Wednesday, October 24, 2012

The Ellensburg sky for the week of 10/27/12

Saturday: Dead October flowers lead to November meteor showers. While the Leonid meteor shower is the big name, the few bright and surprisingly colorful fireballs per hour you can see during the typical Southern and Northern Taurids meteor showers may make it worth your while to say up. This shower reaches a maximum over the next few nights with a peak on the early mornings of November 5th and 12th. Meteor showers are named after the constellation from which the meteors appear to originate. These meteors appear to come from a point in Taurus the bull. This point is about four fists held upright and at arm’s length above the southeast horizon at 11 p.m. You can follow this point throughout the night, as it will remain one fist to the right of the V-shaped Hyades Cluster with its bright star Aldebaran (pronounced Al-deb’-a-ran). Meteors are tiny rocks that burn up in the atmosphere when the Earth runs into them. These rocks are broken off parts of Comet 2P/Encke.

Sunday: At 6 p.m., Mercury is less than a half a fist above the southwest horizon and Mars is one fist above and a little bit south of the southwest horizon.

Monday: The harvest is over. Animals that have filled themselves up with the excess bounty are wondering around through forests that have lost their leaves. It is a hunter’s paradise. The only thing missing is nighttime lighting. Enter the hunter’s moon. Tonight’s full moon, called the hunter’s moon, is in the constellation Aries the ram.

Tuesday: Late October to-do list. Buy costume. Check. Watch Orion rise in the east-southeast sky just before midnight. Check. Take kids to Boo Central. Double check. Once again, CWU clubs and organizations will turn the SURC Ballroom into a monstrously fun, safe, and educational place to trick or treat. In fact, it will be “science or treat” for kids who visit the CWU astronomy and physics club booths. Boo Central runs from 5:00 to 7:00 p.m. in the SURC Ballroom on the CWU campus. Contact Campus Activities at 963-1691 for more information.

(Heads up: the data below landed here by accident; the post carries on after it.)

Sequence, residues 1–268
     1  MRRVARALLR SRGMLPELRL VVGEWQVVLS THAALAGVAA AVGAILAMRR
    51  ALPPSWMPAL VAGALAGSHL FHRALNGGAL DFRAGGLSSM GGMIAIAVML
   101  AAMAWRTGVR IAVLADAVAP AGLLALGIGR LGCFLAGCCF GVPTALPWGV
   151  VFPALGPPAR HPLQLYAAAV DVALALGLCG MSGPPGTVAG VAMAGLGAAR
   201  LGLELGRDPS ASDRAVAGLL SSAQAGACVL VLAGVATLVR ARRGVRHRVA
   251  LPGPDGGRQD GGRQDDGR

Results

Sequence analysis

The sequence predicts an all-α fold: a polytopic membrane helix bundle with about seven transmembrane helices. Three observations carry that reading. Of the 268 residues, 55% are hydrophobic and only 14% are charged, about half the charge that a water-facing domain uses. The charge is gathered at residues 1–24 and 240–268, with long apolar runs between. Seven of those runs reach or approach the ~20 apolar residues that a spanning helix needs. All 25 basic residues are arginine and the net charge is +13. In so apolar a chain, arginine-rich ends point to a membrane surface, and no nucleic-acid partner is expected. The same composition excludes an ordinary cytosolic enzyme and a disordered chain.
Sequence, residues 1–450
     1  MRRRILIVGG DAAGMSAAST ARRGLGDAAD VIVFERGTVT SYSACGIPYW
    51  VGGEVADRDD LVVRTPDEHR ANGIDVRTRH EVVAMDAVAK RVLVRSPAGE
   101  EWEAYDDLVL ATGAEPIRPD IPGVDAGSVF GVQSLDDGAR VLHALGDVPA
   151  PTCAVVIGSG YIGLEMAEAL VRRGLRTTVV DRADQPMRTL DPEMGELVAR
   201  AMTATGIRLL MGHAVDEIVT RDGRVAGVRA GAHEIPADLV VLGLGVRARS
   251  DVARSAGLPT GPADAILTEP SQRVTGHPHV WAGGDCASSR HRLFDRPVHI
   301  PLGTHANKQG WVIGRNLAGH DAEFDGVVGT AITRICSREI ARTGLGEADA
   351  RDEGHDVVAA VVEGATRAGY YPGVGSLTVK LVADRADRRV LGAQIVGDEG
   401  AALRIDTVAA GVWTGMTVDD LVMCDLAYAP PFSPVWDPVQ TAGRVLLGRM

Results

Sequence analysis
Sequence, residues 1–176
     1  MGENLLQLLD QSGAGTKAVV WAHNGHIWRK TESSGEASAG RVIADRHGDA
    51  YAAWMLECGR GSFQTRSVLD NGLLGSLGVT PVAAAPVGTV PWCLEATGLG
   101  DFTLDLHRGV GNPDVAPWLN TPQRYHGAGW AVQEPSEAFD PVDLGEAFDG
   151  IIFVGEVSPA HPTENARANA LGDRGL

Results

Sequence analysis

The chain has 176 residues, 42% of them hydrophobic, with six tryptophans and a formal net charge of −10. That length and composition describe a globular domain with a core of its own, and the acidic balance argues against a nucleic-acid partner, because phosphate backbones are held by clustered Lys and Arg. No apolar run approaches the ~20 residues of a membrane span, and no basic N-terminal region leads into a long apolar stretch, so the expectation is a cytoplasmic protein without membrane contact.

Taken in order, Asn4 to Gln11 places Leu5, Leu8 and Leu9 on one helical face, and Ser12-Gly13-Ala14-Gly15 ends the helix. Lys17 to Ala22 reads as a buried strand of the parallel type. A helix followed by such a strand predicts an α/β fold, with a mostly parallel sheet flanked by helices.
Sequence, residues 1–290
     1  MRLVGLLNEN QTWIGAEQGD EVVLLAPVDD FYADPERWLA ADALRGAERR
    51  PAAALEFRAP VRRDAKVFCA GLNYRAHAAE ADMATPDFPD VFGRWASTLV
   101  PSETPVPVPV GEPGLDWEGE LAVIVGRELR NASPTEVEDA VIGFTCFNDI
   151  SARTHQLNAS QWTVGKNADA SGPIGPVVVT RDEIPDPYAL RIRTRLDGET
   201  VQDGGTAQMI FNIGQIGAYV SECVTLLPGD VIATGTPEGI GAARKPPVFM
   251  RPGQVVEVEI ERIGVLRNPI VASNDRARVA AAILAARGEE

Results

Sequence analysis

Wednesday: Halloween. The pumpkins. The candy. The children going door-to-door dressed up as their favorite astronomers Jill Tarter and Seth Shostak. At least they should because Halloween is, in part, an astronomical holiday. Halloween is a “cross-quarter date”, a day approximately midway between an equinox and a solstice. Historically, the Celts of the British Isles used cross-quarter dates as the beginnings of seasons. For the Celts, winter began with Halloween. So when all those little Tarters and Shostaks come to your door tomorrow night, honor the Celts and give them a wintry treat. If they ask you for a trick, point out Venus, a half a fist above the southwest horizon.

Thursday: Happy Celtic New Year! Many historians think that this day, known for the festival of Samhain, was the ancient Celtic New Year’s Day. Samhain, Old Irish for “summer’s end”, was a harvest festival that may have contributed to some of the customs of our current “holiday” of Halloween.

Friday: Venus is two fists above the east-southeast horizon and Jupiter is three and a half fists above the west horizon at 7 a.m.

The positional information in this column about stars and planets is typically accurate for the entire week.

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